I am continuing anyway, because I love this project and I’m crazy-passionate about it, but I cannot afford all the hours of work, the resources, or the fees for additional artists without being paid for them. I will keep applying for further grants and funding avenues, but sometimes it seems like most of my life as an artist is spent writing applications rather than working on my art. And those applications need me to have already spent a lot of time figuring out the art part and getting really good at it and justifying why I should get the money to work on it further. I had hoped that this was just a symptom of me not managing my time properly, but from reading Justin Heazlewood‘s memoir/self-help book Funemployed: Life as an Artist in Australia, I gather that it’s not just me:

“Being an artist means running a business; a tiny one, sure, but as valid and high-maintenance as any other. Only when you are a few years into your practice does this dry reality begin to dawn. Like an extended practical joke, you look around from your desk to see if the cameras are rolling. All this time you’ve been a contestant on Admin Idol, duped into your own temping job by the faceless men at Officeworks.”
— From Funemployed (2014), p. 75. Seriously, buy it, read it, it’s good.

If I’m sounding a bit strident and self-justifying, it’s because I’m fighting against a lifelong conditioning that the arts are inessential. You don’t think about artists doing piles of admin for their art, because you don’t think of art as a job. Like, that sounds fun, but what do you really do?

This isn’t a hobby; this isn’t hanging out after work on the weekends. This is my career and I need to be paid at some point. It’s no coincidence that this period of reflection on my career path comes immediately after I filed my latest tax return. I’m barely treading water here. As a society, we can’t expect to benefit from everything that art brings to our culture and make artists pay for it all out of their own pockets. I was extremely gratified by Charlie Pickering getting shouty on The Project tonight, half-jokingly telling news outlets to stop covering art. Because, Pickering said, the news covers art and they talk about how much it will cost and then people get all “What’s the point of it” and – he yelled – “It’s ART! What’s the point of it? IT’S ART!” Cheering studio applause, echoed by my spraying of nachos at the TV: “Go Charlie!”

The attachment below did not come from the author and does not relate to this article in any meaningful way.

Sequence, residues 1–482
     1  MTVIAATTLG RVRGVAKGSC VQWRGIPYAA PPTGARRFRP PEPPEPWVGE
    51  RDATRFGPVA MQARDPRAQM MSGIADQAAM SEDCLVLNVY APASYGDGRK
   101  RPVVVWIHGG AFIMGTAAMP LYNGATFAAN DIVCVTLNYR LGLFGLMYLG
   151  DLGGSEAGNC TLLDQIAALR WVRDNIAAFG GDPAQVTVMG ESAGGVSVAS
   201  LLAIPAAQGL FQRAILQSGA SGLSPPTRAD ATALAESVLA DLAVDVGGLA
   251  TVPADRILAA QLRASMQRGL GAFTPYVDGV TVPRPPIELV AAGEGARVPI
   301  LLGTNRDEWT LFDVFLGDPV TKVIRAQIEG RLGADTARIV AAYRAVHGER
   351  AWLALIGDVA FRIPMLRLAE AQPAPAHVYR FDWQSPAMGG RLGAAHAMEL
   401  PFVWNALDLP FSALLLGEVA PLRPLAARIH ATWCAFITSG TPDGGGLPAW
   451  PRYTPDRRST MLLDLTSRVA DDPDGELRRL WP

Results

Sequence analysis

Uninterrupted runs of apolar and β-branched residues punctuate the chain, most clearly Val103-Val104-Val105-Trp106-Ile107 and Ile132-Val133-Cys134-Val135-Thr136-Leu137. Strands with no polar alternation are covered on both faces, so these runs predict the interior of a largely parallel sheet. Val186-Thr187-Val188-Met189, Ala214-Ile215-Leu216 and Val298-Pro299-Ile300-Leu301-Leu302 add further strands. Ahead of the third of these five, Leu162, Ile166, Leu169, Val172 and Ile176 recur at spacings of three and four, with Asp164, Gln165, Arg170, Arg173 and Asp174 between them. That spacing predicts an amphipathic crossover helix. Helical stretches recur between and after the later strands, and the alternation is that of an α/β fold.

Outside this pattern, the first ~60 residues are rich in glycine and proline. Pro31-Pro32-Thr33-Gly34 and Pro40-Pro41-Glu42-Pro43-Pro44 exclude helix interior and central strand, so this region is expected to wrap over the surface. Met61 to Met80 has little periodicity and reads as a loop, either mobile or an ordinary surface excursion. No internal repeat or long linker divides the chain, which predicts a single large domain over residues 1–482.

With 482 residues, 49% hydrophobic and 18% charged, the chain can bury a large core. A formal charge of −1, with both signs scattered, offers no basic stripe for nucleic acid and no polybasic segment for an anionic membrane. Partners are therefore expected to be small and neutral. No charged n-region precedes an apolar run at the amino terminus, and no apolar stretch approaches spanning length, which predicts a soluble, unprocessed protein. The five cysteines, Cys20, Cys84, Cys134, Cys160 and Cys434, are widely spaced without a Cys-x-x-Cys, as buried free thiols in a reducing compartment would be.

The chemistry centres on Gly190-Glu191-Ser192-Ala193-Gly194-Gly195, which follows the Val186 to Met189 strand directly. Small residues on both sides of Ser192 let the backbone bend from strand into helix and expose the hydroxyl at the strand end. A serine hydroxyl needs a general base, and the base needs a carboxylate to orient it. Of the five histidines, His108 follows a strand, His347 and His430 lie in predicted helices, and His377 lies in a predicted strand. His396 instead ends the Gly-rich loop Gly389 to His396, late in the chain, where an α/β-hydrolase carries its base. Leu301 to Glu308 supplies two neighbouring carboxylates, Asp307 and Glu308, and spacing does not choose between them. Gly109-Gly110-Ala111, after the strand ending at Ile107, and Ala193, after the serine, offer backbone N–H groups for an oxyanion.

So, I’ve had my sulk, nailed my rejection letters to the wall and pulled myself up by my bootstraps. This project has hit a speed-bump but we’re still going to get there eventually. I don’t have a reliable map but I have the same things I had in Pompeii all those years ago: blind optimism and an unshakeable belief that I look awesome in this tankini swim top, no I don’t care that we’re standing in a museum, gimme another parma per favore.

Advertisements

'Do you like art?'

Transports of Delight

I thought I had the Fremantle train line all worked out.

Out of all Perth’s metropolitan train lines, the Fremantle line seems to be the one with the most … interesting people. Or, as a Transperth security guy once described it to me, “free housing for the crazies”. (His words, not mine.) The “crazies” are usually flamboyantly weird, but benign. Nevertheless, sometimes it is nice to get through your commute without any Transports of Delight. (Dare I say it? Sometimes a boring train ride is preferable.) So, I usually do my best to avoid attention.

I’ve gathered a few pertinent strategies, and I will elaborate on them in later posts. But one crucial strategy is location, location, location. Where you sit can determine how likely you are to have someone yell at you about their ex-wife for forty minutes.